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The pattern for this brake housing was rough machined efficiently using step reduction milling (SRM). With a uniform amount of material left behind after roughing, the pattern is ready for the finishing tool.
Programming rough machining operations for efficient removal of large volumes of material is crucial when preparing a mold, pattern or other workpiece for finish machining. However, the strategies for traditional roughing operations, which are mainly based on rest roughing, require that each tool be programmed separately.
Modacam Inc. (Denver, North Carolina), a pattern, mold and production job shop, is experiencing substantial time savings with an alternative to rest roughing from Surfware Inc. (Westlake Village, California). Step Reduction Milling (SRM) is an integrated component in the SurfCAM CAD/CAM system, which creates a single roughing program that can be used for machining molds and patterns, in addition to forging dies and parts.
"We estimate that SRM has cut our rough machining programming time in half," says Bud Tschudin, president of Modacam. "Because we can be more aggressive, rough machining cycle time has been reduced by 30 percent."
Shorter programming and machining cycle times are the result of the programmer working with a single dialog box and intelligent knowledge base. The technology analyzes the capabilities and limitations of all tools in the list and uses them together, as a cohesive group, to produce the appropriate roughing program.
In moldmaking and pattern making, traditional roughing methods used for machining complex surfaces leave behind excess material in the form of steps. Rest roughing requires that each cutting tool be programmed independently, with the NC programmer having sole knowledge of the other cutting tools being used. Then, a time-consuming analysis must be performed for each cutting tool to determine the location of the excess material. At this point, preparing the material for subsequent tools becomes problematic because individual cutting tools have no knowledge of which tools will follow. This necessitates smaller tools removing more material than recommended, while the larger tools remove less material than they should. Typically, the remaining steps do not have a uniform height, making it difficult to maintain an even cutting load during the finishing process. Tool load, and therefore tool wear, varies, and the possibility of broken tools increases. To minimize the impact of these problems, programmers often rely on smaller tools and less aggressive cutting, which further increases machining cycle time.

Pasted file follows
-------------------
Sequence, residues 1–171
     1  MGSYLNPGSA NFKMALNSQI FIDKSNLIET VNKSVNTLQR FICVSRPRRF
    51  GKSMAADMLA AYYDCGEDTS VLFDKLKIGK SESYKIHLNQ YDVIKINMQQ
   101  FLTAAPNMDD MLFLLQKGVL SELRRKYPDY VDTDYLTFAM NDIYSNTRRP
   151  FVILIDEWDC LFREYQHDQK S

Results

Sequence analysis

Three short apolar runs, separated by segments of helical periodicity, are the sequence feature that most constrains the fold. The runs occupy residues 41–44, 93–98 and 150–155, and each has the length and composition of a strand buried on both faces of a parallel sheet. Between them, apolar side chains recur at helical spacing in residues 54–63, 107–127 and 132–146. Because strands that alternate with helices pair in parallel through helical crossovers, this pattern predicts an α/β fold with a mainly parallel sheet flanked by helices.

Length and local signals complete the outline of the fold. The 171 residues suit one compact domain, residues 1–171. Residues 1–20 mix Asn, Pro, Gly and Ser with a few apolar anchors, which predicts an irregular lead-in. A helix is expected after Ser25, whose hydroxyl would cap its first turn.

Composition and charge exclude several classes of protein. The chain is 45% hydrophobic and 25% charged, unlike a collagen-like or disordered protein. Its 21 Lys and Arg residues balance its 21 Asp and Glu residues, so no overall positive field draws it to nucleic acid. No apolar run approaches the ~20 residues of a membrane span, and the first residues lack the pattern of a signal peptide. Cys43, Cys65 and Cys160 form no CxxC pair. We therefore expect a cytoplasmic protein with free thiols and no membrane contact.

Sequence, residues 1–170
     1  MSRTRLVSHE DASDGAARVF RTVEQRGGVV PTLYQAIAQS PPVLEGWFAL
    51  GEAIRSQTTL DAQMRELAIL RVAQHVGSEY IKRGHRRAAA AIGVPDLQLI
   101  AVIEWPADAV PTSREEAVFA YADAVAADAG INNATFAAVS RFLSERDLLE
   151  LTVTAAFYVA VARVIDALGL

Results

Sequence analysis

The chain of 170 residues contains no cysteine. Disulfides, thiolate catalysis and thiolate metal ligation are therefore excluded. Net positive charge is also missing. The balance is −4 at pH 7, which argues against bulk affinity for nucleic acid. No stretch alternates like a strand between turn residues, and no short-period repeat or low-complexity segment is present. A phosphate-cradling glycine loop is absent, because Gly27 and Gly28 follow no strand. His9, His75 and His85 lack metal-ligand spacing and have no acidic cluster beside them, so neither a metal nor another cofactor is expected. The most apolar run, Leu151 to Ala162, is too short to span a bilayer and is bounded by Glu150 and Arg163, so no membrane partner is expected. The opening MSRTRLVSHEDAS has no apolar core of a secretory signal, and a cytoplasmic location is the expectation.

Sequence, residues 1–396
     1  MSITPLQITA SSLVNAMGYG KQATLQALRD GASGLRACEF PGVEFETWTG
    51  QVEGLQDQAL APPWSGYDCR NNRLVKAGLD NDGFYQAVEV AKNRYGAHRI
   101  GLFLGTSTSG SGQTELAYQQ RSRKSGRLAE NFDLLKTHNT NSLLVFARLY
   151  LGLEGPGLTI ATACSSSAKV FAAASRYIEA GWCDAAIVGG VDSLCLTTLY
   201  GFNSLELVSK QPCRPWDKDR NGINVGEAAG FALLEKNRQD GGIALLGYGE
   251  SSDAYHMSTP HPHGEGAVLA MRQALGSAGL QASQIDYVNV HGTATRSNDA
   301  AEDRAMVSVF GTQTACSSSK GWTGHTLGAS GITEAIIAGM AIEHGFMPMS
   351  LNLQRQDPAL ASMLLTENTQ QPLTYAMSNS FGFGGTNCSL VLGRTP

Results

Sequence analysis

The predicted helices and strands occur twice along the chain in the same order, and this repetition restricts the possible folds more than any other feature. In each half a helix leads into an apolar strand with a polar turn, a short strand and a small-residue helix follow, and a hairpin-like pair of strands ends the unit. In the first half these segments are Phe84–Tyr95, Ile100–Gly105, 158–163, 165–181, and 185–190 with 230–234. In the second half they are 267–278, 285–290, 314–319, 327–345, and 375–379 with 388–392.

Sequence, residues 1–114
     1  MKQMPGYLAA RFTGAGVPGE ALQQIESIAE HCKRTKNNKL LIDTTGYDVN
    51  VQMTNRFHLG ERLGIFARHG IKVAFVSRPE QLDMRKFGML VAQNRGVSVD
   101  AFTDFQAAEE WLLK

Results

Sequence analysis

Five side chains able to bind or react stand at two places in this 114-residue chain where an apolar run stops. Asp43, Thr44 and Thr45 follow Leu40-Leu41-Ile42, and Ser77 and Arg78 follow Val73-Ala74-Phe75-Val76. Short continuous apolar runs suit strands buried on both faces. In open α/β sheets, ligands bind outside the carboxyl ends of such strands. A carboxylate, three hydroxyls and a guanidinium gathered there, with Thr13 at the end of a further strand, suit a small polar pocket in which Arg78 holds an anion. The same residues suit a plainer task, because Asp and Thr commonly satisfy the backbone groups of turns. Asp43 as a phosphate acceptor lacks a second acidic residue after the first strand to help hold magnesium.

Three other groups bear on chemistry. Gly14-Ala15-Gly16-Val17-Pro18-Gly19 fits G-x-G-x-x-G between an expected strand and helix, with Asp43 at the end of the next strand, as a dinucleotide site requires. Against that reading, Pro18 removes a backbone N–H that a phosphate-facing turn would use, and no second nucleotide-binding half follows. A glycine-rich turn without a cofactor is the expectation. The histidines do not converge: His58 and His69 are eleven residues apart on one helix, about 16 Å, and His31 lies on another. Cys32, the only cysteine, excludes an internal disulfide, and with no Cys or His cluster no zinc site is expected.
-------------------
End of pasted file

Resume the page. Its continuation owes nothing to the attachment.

According to the Modacam, SRM eliminates the need for rest roughing. Using a combination of multiple tools, automation and shop-floor machining logic, the component creates a roughing program that produces uniform step heights, regardless of the sizes and number of tools used. This results in shorter programming and machining cycle times. The process also promotes the use of larger cutting tools to remove more stock with reductions in the number of steps required to prepare for the following tool. A uniform amount of material is left behind for finishing, thus accommodating the application of constant loads to the cutting tools, all of which minimizes tool wear and the likelihood of tool breakage.
Lights-out machining is an essential strategy employed by the company to sustain its competitive edge. "For us, lights-out machining is a big deal," says Jonathan Elrod, a programmer at the company."We have confidence that the finishing operation is going to run smoothly overnight, when no one is here. A consistent step is being removed, so we can take roughing operations down to the finished cutting tool size. In essence, it's like adding a second or third shift without increasing labor costs."
"SurfCAM with SRM has been essential in cutting our costs and improving our delivery time," Mr. Tschudin says. With optimized operations, the company is able to take on jobs that were otherwise unattainable, while maximizing profits.blog comments powered by Disqus